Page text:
Question about assignment in constructors

This is more of a general query about colons and assignment operators (equal signs)
Within objects, I’ve seen colons and equal signs used to assign properties. I feel like the appropriate use of an equal sign is at the beginning of the object (i.e. function Dog() = {) and a colon is to indicate the value of a property.

Would someone mind clarifying this rule?

Thanks as always
Nick
Tell us what’s happening:
Describe your issue in detail here.

  **Your code so far**

function Dog(name) {
this.name = name;
}

// Only change code below this line
Dog.prototype = {

numLegs: 4,
eat: function() {
  console.log("nom nom nom");
},
describe: function() {
  console.log("My name is " + this.name);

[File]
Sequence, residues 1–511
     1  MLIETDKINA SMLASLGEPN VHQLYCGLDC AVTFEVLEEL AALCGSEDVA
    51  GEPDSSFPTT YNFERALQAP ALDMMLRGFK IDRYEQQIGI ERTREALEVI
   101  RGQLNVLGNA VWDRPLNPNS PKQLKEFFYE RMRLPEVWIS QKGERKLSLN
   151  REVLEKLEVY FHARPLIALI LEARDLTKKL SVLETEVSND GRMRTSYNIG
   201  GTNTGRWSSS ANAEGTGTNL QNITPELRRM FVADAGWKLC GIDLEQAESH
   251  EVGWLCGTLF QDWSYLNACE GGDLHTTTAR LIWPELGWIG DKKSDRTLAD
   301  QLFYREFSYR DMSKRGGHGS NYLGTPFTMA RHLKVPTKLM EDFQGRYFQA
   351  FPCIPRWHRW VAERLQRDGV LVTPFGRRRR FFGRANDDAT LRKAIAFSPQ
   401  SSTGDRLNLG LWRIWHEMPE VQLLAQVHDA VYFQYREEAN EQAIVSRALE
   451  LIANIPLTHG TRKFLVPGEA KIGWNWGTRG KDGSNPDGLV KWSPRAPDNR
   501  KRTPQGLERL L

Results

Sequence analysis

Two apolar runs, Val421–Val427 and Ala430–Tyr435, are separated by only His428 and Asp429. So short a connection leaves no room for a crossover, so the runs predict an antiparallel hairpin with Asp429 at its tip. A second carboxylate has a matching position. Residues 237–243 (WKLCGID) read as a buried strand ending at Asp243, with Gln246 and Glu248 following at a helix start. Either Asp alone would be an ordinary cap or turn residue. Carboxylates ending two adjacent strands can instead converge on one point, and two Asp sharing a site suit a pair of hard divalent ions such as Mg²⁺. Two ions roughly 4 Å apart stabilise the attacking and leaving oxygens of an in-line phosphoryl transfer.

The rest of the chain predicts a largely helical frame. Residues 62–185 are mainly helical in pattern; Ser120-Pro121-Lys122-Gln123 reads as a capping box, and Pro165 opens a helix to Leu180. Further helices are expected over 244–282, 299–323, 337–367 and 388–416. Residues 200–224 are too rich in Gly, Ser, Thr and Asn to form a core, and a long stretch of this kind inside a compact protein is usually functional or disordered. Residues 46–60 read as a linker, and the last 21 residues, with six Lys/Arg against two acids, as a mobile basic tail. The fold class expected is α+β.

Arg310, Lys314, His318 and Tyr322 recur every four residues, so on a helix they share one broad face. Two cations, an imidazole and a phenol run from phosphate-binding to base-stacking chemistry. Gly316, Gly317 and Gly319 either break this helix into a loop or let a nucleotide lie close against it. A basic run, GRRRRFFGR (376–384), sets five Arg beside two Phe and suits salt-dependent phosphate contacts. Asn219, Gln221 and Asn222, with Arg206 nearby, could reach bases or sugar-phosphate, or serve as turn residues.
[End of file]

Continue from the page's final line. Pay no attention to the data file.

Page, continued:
}
};
  **Your browser information:**

User Agent is: Mozilla/5.0 (Windows NT 10.0; Win64; x64) AppleWebKit/537.36 (KHTML, like Gecko) Chrome/96.0.4664.110 Safari/537.36

Challenge: Remember to Set the Constructor Property when Changing the Prototype

Link to the challenge:

When you are declaring an object, you use a colon to separate the name and the value.
Like this

const arielleslie = {
    isAwesome: true,
    daysSinceLastTypo: 1
};

But outside of the declaration, you can still set object properties. You could be adding a property or changing the value of one. For that you use the assignment operator.
Like this

arielleslie.daysSinceLastTypo = 0; // Oops